How career conversations help prevent boredom at work

Employee retention is one of the biggest challenges faced by HR. By introducing career conversations, organizations can help motivate and engage staff and address potential skills shortages, writes Antoinette Oglethorpe.

As skills shortages become increasingly prevalent, one of the most critical challenges faced by HR professionals is employee retention.

Although financial incentives and flexible work arrangements play a significant role in maintaining a stable workforce, one overlooked strategy is the use of regular career conversations.

‘Rust out’, the insidious feeling of stagnation and boredom that employees can experience even in the most vibrant work environments, is a significant contributor to attrition rates. It occurs when employees feel they are not challenged enough, or their skills are underused. This feeling of ‘career plateau’ can be a significant determination to morale and productivity.

All organizations are under pressure to grow and deliver results. However, there’s a challenge: while organizations want to maximize employees’ performance, employees want to maximize their careers. These goals are not one and the same.

In the context of the current economic reality helping employees to develop their careers assumes more significance, not less. Career management is about getting people to where they want to be and where the organization needs them to be. If you want your people to be committed to the organization, engaged with their work and driven to perform, you need to provide them with the tools and resources they need to manage their careers.

Organizations sometimes focus so much on what employees need to do to meet the needs of the business that they lose sight of what the organization needs to do to meet employees’ needs. Yet, this is crucial if you are going to be effective in retaining and developing talent.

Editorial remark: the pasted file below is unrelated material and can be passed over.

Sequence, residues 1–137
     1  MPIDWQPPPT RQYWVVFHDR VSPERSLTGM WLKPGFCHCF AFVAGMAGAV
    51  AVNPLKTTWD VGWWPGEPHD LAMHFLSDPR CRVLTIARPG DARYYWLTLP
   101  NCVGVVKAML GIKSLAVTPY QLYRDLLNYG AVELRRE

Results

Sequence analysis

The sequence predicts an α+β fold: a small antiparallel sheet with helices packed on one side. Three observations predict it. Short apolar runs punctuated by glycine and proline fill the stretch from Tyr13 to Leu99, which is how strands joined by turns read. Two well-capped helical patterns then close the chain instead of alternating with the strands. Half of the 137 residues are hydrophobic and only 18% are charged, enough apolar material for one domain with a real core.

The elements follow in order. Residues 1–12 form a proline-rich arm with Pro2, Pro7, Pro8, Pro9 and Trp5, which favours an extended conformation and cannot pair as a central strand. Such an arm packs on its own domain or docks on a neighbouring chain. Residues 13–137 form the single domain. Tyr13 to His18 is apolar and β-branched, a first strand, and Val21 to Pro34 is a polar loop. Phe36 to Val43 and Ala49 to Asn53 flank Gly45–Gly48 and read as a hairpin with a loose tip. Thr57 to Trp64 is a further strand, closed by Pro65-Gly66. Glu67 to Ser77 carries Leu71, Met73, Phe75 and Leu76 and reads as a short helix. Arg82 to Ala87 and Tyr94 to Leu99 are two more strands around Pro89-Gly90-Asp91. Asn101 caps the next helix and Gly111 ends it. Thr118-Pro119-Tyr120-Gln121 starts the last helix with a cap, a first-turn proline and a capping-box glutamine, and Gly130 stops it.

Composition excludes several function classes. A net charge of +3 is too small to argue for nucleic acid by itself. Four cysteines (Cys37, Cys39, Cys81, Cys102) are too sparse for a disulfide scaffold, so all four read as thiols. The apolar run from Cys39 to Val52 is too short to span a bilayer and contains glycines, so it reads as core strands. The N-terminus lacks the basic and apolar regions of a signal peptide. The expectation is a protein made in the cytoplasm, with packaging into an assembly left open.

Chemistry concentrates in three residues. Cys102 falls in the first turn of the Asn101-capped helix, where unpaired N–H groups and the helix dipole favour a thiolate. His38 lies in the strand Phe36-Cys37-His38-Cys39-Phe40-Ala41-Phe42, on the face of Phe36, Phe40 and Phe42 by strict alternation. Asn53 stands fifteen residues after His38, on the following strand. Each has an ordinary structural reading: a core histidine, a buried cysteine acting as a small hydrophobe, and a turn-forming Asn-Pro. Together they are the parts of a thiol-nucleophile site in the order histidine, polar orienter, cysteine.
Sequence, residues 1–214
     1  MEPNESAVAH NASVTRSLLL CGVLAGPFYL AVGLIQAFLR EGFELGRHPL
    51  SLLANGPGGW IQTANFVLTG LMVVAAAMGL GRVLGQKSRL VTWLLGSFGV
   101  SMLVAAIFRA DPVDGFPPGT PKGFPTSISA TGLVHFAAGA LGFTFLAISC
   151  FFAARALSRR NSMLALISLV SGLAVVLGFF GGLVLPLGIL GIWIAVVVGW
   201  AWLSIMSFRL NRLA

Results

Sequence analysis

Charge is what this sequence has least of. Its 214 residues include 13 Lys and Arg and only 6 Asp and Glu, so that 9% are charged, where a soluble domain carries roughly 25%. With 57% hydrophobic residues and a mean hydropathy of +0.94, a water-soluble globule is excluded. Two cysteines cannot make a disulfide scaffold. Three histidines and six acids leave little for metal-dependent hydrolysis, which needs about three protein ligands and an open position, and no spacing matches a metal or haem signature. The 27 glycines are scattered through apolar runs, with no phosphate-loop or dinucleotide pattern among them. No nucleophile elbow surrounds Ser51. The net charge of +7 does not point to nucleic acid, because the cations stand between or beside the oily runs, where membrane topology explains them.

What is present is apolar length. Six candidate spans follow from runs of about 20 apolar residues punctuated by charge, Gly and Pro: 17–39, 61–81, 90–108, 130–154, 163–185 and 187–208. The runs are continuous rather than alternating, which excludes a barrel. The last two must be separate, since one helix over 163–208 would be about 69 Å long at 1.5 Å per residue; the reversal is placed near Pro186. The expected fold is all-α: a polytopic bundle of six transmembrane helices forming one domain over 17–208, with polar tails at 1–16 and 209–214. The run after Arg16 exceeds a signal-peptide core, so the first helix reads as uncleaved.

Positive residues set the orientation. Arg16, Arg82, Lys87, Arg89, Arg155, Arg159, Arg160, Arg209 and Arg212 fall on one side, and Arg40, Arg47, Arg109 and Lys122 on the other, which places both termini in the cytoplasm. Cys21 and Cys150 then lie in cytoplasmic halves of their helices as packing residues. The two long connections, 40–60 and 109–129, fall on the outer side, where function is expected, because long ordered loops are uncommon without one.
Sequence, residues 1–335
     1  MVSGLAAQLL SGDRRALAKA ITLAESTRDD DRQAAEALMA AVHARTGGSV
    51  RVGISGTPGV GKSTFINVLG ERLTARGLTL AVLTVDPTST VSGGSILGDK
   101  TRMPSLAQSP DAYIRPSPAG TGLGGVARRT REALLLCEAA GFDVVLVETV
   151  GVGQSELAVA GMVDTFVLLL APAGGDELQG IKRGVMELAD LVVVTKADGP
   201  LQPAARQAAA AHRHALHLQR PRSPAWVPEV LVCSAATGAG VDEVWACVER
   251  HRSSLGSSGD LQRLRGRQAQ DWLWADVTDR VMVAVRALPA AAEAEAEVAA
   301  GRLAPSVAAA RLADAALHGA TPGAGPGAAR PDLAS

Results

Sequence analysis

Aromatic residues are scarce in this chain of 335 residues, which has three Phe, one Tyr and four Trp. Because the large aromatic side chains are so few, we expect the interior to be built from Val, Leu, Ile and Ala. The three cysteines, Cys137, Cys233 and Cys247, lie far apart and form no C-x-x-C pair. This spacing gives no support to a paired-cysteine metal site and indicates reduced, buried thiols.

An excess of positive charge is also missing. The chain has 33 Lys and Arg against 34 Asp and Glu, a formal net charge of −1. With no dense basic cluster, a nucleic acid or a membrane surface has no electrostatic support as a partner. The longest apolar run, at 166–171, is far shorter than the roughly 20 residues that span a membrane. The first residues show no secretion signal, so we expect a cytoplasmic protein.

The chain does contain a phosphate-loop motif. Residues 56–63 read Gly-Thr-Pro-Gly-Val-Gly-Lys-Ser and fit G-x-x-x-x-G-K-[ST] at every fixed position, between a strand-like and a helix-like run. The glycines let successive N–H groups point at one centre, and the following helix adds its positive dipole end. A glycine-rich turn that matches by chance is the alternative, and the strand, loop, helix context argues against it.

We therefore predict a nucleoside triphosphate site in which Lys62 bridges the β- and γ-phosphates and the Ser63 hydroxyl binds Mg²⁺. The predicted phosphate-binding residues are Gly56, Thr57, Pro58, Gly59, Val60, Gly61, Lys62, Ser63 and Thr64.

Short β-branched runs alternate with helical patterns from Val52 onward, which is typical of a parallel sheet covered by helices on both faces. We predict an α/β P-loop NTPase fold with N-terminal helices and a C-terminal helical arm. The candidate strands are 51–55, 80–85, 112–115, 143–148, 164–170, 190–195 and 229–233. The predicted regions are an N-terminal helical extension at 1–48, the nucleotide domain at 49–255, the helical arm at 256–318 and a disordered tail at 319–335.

Encouraging loyalty

Career development is a tricky area for organizations. This is because it deals with the future and is a venture into the unknown. It is also deeply personal. Many managers worry that asking about careers may unsettle staff or even make them leave, but evidence showing that attending to career issues makes staff more loyal to the organization and more productive.

By aligning organizational goals with personal ambitions, employees become more invested in their roles and are less likely to become bored.”

Meaningfulness of work and the fit between a person and their job are two of the key drivers of engagement at work. Support your employees in managing their careers and they will feel connected to their work, valued for their contribution and motivated to contribute further. Their willingness to apply and increase their capability will be enhanced.

Career management in organizations is important whatever the state of the employment market. In a buoyant job market, it’s often easier for employees to leave a company than to manage their careers internally. If the organization doesn’t develop their careers, they quit physically and leave. In a tough economy, the bigger risk is that employees quit psychologically and stay!

Where career conversations fit in